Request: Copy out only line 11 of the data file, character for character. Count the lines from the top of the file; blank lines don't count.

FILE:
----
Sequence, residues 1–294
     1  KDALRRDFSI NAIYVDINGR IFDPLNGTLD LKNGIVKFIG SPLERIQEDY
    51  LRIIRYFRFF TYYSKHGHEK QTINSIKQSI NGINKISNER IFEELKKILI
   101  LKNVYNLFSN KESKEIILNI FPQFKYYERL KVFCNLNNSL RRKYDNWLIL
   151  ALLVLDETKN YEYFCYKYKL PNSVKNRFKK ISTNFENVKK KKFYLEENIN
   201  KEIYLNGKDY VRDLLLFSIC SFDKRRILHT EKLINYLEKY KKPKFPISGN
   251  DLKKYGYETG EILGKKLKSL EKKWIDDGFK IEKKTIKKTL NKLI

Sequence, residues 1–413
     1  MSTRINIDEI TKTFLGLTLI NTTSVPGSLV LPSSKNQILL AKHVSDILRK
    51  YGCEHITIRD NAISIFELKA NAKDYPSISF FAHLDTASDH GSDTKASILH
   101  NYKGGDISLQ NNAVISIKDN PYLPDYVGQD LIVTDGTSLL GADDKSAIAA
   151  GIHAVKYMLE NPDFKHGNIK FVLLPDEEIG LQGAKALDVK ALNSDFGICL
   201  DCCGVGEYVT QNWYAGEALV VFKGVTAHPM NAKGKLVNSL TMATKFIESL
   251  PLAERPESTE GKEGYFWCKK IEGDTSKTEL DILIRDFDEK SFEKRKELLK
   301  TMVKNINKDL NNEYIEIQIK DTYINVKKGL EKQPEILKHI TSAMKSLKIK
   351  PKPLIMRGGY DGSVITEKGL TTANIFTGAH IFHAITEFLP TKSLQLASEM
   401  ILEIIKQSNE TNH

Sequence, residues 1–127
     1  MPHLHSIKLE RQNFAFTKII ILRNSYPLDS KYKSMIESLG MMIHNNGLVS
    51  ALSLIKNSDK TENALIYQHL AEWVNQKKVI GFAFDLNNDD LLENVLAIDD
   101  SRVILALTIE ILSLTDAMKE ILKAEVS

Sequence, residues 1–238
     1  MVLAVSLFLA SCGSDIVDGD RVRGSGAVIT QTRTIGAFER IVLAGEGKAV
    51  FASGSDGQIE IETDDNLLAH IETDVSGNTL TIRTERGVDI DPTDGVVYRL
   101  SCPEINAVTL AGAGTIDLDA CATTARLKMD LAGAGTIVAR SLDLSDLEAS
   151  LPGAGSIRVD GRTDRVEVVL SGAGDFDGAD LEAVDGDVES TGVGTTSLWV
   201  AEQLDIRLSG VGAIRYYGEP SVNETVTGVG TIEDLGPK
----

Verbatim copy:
   101  NYKGGDISLQ NNAVISIKDN PYLPDYVGQD LIVTDGTSLL GADDKSAIAA